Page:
Lug tuning is sometimes called ‘equalizing the drumhead’ or ‘clearing the drumhead’ and ensures that the tuning is even at every point around the perimeter of the drum. We often evaluate this at each of the lug positions around the drumhead, and make adjustments with the tension rods that connect the hoop and drumhead to the lugs and the drum shell. Accurate lug tuning is important because, when completed, it allows the drum to vibrate evenly and smoothly… [read more]
Drum tuning can be quite daunting for any new drummer, and for many experienced drummers too. Don’t be ashamed of this! It takes a number of years for most drummers to develop the required understanding and hearing skills in order to tune drums unassisted. It’s really valuable to understand a little bit about the fundamental (F0) and overtones (F1) of a drum before attempting any tuning… [read more]
Do you ever wonder why cylindrical drums have two drumheads, what exactly does the resonant head add to the acoustics of the drum, and how exactly does it influence the sound? Well, there are two main reasons. Firstly, a cylindrical drum with just one drumhead is very inefficient, energy wise, because as soon as the head is hit, all the energy created from the hit gets transferred into acoustic energy that leaves the drum… [read more]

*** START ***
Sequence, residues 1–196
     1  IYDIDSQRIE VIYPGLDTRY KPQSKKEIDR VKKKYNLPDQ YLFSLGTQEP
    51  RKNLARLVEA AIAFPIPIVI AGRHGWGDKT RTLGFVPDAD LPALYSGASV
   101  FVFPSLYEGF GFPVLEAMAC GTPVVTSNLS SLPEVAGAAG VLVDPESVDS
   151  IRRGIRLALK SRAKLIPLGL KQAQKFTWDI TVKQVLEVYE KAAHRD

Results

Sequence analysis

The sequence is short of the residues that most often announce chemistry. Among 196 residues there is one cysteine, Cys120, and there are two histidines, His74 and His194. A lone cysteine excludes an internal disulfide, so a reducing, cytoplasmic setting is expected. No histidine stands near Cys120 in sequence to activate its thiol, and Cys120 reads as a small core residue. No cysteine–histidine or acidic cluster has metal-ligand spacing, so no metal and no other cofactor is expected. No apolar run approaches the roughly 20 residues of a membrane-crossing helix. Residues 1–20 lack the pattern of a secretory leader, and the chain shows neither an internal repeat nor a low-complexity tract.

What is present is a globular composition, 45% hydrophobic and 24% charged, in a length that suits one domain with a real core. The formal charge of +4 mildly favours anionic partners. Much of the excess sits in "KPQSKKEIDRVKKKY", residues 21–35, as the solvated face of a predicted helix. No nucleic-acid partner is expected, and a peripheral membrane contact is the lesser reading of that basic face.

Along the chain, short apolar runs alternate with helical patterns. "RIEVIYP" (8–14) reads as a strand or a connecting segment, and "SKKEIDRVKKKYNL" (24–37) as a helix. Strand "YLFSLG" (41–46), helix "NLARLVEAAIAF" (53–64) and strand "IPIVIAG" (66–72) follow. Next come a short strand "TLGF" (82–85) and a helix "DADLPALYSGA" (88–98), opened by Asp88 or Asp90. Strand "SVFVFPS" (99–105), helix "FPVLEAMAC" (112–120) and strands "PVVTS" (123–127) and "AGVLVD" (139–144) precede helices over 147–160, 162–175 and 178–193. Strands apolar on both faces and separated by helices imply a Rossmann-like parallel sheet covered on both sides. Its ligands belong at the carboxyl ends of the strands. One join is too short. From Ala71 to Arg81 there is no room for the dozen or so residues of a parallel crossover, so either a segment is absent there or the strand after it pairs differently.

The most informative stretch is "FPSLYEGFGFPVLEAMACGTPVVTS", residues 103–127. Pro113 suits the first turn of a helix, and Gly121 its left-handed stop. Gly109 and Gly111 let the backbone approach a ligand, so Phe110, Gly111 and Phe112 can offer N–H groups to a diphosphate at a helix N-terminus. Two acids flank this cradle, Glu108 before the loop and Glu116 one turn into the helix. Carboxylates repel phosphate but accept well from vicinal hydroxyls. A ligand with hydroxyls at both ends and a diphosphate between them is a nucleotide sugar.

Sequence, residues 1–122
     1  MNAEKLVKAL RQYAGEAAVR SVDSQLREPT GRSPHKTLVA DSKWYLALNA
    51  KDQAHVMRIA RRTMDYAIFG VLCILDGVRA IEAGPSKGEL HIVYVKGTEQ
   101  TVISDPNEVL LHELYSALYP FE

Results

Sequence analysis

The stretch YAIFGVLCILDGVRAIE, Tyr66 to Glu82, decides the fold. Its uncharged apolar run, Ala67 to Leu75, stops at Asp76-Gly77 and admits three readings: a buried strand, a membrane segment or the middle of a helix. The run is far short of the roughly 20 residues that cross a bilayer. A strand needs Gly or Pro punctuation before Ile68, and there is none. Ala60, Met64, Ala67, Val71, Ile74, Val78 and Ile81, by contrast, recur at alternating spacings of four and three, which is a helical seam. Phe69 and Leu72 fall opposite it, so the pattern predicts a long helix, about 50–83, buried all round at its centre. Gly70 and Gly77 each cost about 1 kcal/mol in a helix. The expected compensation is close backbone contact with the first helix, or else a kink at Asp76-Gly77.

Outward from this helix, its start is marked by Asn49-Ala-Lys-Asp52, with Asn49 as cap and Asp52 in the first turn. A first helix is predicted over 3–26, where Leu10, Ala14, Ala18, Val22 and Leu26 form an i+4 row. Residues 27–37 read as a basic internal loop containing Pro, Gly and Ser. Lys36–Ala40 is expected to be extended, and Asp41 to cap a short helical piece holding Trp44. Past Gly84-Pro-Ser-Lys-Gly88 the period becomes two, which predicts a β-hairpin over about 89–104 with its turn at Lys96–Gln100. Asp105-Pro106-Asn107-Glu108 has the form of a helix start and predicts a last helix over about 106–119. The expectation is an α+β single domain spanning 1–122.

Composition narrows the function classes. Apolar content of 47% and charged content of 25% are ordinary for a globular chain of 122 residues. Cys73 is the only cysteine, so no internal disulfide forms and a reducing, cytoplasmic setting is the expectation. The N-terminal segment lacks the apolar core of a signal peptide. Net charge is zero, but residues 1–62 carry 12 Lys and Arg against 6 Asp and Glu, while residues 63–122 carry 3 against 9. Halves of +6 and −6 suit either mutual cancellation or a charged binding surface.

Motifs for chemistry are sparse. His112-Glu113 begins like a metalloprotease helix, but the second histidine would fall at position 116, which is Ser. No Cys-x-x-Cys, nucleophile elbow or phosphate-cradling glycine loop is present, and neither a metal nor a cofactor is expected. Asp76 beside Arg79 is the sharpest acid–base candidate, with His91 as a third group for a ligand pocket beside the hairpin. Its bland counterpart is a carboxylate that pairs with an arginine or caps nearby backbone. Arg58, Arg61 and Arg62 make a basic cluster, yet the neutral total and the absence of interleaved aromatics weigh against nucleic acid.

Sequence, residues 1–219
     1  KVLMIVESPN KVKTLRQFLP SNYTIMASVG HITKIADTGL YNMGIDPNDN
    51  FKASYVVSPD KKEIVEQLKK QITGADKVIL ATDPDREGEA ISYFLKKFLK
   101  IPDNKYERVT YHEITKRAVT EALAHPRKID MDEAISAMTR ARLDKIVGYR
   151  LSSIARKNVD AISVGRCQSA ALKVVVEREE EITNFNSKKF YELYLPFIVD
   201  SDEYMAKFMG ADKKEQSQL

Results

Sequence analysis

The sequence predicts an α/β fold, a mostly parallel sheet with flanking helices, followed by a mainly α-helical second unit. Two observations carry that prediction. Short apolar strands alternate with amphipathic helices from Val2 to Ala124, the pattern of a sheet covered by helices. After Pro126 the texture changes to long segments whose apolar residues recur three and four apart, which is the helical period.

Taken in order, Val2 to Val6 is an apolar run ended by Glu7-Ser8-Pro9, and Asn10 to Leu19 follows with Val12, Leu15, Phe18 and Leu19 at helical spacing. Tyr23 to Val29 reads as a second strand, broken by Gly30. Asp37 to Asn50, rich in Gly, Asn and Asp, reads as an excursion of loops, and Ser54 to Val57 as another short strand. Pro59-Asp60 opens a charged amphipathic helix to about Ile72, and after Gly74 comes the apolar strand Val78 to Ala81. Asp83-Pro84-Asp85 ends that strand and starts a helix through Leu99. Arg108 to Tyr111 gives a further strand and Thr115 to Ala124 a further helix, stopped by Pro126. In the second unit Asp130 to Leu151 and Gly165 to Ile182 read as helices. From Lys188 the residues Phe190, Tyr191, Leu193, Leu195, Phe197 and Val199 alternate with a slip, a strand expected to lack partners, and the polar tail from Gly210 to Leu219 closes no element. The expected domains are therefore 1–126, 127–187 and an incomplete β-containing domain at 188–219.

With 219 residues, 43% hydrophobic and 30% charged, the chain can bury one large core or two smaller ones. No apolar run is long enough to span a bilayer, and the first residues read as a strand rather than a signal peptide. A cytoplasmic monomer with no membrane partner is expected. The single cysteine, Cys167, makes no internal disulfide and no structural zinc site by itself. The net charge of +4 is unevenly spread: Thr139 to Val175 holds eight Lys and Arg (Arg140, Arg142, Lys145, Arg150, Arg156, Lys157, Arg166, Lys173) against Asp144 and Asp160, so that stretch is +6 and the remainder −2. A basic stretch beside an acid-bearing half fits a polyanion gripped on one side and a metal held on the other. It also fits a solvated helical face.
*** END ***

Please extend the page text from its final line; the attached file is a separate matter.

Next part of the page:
We’re very used to seeing the audio waveform of different sounds and musical phrases, especially now that people have access to DAWs or Digital Audio Workstations such as Logic Pro X, Pro Tools and Ableton Live. Every sound waveform is unique and tells us a bit about the ‘shape’ of the sound, and by that we mean the profile of how the sound appears, how long its duration is, and how steep or how quickly it decays back to silence. The waveform is a type of graph… [read more]